|The Psychopath Whisperer: The Science of Those without Conscience
by Kent A Kiehl, narrated by Kevin Pariseau
Written by Jacqueline Winspear, Narrated by Rita Barrington
Reason for Reading: Real Life book club
Genre: Historical Fiction / Mystery / Women’s Fiction
Maisie Dobbs is disappointed when her first case as a PI is to investigate a potential infidelity; however, things get a little more interesting when her investigation brings to light a suspicious death in a home for soldiers injured in WWI. But investigating the home turns out to be more dangerous than she’d thought.
This book was WAY outside my box. I generally don’t read women’s fiction or books that have a feminist leaning – though sometimes I enjoy such books. So this mystery wasn’t for me. The mystery part of the story was very light – she investigated a potential infidelity at the beginning, and at the end she investigated a suspicious home for injured soldiers. The middle half of the book was all Maisie’s background and character development, which I found off-topic and a bit contrived. Maisie is one of those WWI women who did absolutely everything the stereotypical WWI literary woman does. She got caught up in the feminist movement (somewhat), was educated beyond her class and gender, lied about her age so she could be a nurse in France, etc. etc. It’s like Winspear took a list of WWI woman stereotypes and checked them all off. Thus, I felt absolutely no empathy for Maisie’s character because she felt so fake to me. The little touch of mystery at the beginning and the end wasn’t enough to save the book.
I can see that many readers would love this book – if you like women PI’s, especially of the historical variety, then this is probably a good book for you. The series IS popular. It just wasn’t for me. *shrug*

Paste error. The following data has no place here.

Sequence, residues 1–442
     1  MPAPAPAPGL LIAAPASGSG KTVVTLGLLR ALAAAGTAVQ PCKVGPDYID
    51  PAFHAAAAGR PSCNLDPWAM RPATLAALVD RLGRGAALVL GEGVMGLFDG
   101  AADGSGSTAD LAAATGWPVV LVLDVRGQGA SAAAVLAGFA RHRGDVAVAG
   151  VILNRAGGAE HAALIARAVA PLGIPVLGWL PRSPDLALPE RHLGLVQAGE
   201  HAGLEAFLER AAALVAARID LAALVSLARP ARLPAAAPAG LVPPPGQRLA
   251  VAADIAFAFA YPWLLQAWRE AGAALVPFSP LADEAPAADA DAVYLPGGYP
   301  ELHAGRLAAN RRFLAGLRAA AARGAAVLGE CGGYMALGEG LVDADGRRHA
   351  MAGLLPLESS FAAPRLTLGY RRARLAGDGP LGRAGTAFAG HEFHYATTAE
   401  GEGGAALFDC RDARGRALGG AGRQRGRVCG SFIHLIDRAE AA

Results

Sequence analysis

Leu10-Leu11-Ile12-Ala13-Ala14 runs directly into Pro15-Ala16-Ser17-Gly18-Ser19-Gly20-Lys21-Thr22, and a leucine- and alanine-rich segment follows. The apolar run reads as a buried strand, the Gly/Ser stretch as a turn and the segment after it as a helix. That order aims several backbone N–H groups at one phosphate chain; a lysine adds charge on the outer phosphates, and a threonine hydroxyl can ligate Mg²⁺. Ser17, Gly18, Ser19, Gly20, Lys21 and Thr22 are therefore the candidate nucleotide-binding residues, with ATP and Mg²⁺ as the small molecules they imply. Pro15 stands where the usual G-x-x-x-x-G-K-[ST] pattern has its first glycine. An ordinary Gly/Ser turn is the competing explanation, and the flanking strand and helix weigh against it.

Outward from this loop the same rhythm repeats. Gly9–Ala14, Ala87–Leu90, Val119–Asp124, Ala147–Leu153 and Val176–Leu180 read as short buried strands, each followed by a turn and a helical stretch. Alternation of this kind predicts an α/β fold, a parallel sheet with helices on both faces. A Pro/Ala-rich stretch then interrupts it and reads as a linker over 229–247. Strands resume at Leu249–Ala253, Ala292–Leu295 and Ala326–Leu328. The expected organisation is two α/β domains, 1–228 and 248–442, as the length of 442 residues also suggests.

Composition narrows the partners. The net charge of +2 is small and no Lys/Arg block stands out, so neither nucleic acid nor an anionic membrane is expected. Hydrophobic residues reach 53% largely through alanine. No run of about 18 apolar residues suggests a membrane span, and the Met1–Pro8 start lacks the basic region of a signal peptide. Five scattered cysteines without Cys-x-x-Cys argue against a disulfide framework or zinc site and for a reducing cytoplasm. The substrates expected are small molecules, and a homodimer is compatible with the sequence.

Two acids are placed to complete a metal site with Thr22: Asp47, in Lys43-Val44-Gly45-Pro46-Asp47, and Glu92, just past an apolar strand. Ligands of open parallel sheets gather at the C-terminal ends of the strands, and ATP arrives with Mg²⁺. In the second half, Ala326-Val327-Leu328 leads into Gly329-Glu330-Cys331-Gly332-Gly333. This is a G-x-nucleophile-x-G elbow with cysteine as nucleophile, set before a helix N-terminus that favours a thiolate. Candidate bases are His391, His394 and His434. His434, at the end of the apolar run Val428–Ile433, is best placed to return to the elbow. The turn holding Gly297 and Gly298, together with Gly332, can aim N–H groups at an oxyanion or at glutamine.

Reason for Reading: Real life bookclub
Camille Preaker is a troubled young woman and a mediocre journalist. When her editor sends her to her home-town in Missouri for investigative reporting on a possible serial killer, she must stay with her emotionally-destructive mother and wild half-sister. As Camille struggles with ghosts from her past, including her own self-destructive behavior and memories of a dead sister, she discovers that the murders are darker and more complex than she’d originally suspected.
Although this book certainly had a good deal of mystery to it, it wasn’t really for me. Although I generally liked Camille’s character, there were several times when I groaned inwardly at her choices. She was weak and self-destructive. Such characters are really difficult to write well, and Sharp Objects had a bit of a debut-novel feel to it – perhaps Camille’s character should have been created by a more seasoned author. Another issue I had with the book is it was simply too dark for my tastes. There was so much ugliness in the book. Violence, self-loathing, sexual exploitation, and more. On the other hand, I DO understand why some people like this book. The key question to ask is – how much ugliness can you deal with? If you like reading about emotionally troubled characters, then this book would be attractive to you. There was a slight redemptive feel to the story at the end. A ray of hope for Camille. I appreciate that I was given that much. 🙂
Written by Ben Aaronovitch, Narrated by Kobna Holdbrook-Smith
Reason for Reading: Real-life Book Club
Peter Grant is a bumbling, easily distracted constable on the fast-track for a paper-pushing job. His luck unexpectedly turns when a ghost approaches him at a murder scene. Apparently Grant does have a talent – he can see dead people. Suddenly, he is adopted as the sole apprentice of Detective Chief Inspector Nightengale, who heads the supernatural division of the police. Grant is up to his ears in weirdness as he tries to solve the murder while learning the ropes in the unexpectedly supernatural world. I mostly enjoyed Midnight Riot for its interesting world-building and a lot of dry humor. The character of Grant was likable enough – even if he was bumbling – and I suspect I’d grow attached to him after a few books in the series. The plot tended to stray a bit more than I prefer, though. Nothing too bad, mind you, but there were a few moments where I wondered if we were still trying to catch the murderer or just enjoy the scenery. I prefer a little more focus. But these passages were never very long, and the book was, for the most part, quite enjoyable. I’m sure I’ll pick up the next in the series some day.